Dentists report income still dropping

By Laird Harrison, Senior Editor

August 12, 2009 -- For the fourth fiscal quarter in a row, about half of U.S. dentists surveyed by the ADA said their income had dropped from the previous quarter, suggesting that the recession is biting steadily into earnings.

“Patients are putting off elective procedures.”
— Bassim Michael, certified public

In the most current survey, conducted between July 6 and July 15, 51.3% of the 1,275 dentists who responded to a questionnaire said their income was lower in the previous three months than in the three months before that. The proportion who thought their income had remained steady was 29.3%, while 19.4% reported an increase.

The downturn isn't affecting everyone equally. "Among those who practice bread-and-butter dentistry, we have not seen any decline," said Bassim Michael, a Fresno, CA, certified public accountant who specializes in working with dentists. "If you're relying more on cosmetic dentistry, we have seen a decline. Patients are putting off elective procedures."

The ADA survey didn't distinguish between cosmetic or elective and necessary procedures. But it did suggest that specialists are suffering more, with 64.7% of endodontists, 66.7% of periodontists, and 54% of orthodontists reporting lower income in the most recent quarter. Pediatric dentists actually appear to be doing better; only 24% reported lower income, while 39.4% actually said they made more money in the most recent quarter.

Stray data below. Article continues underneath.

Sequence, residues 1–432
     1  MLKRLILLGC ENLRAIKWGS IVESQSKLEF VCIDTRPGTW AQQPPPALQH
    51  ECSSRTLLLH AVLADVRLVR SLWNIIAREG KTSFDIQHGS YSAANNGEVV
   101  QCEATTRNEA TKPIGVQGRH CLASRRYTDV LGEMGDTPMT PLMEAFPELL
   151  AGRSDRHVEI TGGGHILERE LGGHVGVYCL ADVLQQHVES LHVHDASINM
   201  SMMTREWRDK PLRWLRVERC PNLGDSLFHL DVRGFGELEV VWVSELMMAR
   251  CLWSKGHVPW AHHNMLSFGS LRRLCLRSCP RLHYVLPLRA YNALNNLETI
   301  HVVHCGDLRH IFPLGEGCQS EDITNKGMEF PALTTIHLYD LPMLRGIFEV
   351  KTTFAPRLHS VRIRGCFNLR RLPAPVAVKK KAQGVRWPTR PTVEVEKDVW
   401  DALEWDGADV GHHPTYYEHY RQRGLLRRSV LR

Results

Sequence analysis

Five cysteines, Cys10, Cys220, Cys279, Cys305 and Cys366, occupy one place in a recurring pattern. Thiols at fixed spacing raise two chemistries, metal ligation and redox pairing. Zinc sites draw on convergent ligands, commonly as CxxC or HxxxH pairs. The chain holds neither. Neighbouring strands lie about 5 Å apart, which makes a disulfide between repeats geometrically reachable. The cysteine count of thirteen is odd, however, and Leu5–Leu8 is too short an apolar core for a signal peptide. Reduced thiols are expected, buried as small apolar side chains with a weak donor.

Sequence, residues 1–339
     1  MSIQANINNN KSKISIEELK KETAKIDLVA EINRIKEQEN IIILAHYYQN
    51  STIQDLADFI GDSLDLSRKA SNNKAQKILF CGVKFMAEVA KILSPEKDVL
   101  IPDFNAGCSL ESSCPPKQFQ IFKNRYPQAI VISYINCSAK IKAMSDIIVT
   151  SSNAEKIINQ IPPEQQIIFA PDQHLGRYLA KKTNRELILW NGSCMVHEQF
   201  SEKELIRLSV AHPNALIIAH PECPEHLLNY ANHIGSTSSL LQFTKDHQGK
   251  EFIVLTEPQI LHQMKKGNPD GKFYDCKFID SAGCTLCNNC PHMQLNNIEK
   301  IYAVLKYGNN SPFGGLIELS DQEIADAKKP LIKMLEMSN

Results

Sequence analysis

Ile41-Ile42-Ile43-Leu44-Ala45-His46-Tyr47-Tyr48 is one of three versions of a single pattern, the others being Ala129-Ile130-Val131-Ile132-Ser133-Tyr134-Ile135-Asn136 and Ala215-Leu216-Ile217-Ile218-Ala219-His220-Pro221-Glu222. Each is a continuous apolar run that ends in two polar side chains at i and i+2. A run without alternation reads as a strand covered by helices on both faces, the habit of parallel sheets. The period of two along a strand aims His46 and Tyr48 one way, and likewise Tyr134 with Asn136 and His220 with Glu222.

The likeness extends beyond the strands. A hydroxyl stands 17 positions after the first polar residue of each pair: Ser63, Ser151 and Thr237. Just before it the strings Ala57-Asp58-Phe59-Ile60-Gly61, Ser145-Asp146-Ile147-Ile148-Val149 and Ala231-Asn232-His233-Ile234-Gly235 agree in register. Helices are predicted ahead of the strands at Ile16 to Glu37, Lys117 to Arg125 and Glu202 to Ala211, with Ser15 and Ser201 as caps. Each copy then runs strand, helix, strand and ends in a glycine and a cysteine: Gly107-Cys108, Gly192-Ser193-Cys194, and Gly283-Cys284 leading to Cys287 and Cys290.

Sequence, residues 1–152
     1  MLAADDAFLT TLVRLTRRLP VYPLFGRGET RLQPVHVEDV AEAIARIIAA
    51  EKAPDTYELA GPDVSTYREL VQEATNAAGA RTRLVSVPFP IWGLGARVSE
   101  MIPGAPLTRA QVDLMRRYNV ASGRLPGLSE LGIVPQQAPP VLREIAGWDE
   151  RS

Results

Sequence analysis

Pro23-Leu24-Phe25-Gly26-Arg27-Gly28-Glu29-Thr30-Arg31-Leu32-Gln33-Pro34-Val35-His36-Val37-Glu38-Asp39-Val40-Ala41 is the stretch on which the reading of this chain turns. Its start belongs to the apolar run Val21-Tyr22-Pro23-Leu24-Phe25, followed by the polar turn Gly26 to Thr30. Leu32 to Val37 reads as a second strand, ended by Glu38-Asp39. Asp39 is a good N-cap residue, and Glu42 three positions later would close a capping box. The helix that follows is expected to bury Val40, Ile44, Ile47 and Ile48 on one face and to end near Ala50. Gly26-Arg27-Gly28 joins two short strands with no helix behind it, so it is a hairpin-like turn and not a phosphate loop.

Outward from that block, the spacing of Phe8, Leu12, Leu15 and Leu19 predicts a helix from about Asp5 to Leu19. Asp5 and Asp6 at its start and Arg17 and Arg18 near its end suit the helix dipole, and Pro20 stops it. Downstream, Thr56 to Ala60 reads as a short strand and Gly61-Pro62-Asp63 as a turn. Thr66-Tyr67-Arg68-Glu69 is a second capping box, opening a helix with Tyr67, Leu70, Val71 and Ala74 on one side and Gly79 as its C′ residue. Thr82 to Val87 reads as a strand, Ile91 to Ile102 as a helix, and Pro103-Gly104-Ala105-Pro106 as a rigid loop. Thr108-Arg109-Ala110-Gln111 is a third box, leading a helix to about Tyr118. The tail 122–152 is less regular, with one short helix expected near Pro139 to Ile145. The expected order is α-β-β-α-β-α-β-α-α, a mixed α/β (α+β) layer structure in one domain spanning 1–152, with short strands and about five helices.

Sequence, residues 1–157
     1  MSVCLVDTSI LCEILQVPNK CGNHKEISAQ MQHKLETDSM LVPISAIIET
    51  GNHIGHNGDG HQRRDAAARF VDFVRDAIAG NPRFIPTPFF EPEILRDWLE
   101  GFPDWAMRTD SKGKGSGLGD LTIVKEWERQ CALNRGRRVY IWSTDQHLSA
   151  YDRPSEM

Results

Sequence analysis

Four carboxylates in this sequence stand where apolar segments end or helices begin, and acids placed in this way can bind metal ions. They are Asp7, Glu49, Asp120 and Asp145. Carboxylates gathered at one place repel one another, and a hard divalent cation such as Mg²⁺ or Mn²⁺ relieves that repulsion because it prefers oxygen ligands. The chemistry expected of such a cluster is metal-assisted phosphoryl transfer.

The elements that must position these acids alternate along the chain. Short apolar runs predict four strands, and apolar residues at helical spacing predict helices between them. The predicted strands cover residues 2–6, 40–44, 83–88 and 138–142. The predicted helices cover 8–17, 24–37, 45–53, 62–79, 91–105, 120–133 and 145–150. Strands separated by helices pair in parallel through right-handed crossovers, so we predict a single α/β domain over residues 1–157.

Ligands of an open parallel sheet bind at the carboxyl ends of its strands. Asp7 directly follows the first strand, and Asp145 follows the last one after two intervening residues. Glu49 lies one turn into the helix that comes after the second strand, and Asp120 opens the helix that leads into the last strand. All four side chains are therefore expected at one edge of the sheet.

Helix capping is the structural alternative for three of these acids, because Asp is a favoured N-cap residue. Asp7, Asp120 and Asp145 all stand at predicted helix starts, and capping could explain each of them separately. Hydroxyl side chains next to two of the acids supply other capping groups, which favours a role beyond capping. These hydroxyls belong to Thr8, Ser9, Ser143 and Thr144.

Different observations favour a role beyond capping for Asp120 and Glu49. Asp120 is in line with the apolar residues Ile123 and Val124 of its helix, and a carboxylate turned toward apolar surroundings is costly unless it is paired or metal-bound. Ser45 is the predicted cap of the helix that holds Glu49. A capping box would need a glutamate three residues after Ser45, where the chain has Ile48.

The survey also found sharp differences depending on region, with the largest percentage of dentists in the Pacific region (61.7%) reporting a drop and the lowest percentage (30.36%) in New England.

The downward trend isn't new. The ADA has been surveying dentists about their income since the third quarter of 2008, and in every quarter since then more than 48% have reported a drop and less than 30% have seen an increase. (The trend was statistically significant; p < 0.0001.) The survey found a similar pattern in gross billings and collections; about 27% of dentists reported higher adjustments and write-offs quarter by quarter, with only 7% seeing a decrease.

The report is among several the ADA has released in recent months. In an August 5 alert, the organization touted a three-report set of surveys on the incomes of dentists and their employees.

A separate survey of 4,725 generalists and 3,150 specialists suggests that, prior to 2007, dental professionals had been seeing a steady uptick in annual income year over year. In 2006 -- the most recent year for which the ADA asked this question -- dentists who own or co-own their practices made an average of $224,190 per year in net income. (The confidence interval on dentists' mean income was ± $8,437.)

The income for these independent dentists was up 13.3% from 2002 (or 3.1% after inflation), when they averaged $193,980 a year.

Specialists, too, were rising with the tide until 2006. From $270,170 a year in 2002, the average specialist's salary rose to $305,790 in 2006.

New England dentists, in addition to weathering the downturn best, also started out with higher income, according to the survey. Independent dentists there reported an average income of $276,000 in 2006. Dentists in the East South Central census region (Alabama, Tennessee, Kentucky, and Mississippi) reported an income of $190,320.

Further bumps in the road may lie ahead for dentists. Medicaid cuts could affect some dentists directly and others indirectly if dentists who accept Medicaid lose patients and begin competing for cash and insurance patients, according to Michael.

But overall, Michael remains optimistic. "We see a rosy future for the profession," he said, noting that 6,000 dentists are retiring every year while only 4,000 are graduating from dental school.

His advice? "Don't cut your marketing," he said. "If you're focusing on the elective stuff, you might pull back and say, 'We do family dentistry, and we also do these other things.' "

Apparently, it's a good time to just be a regular dentist.

Copyright © 2009


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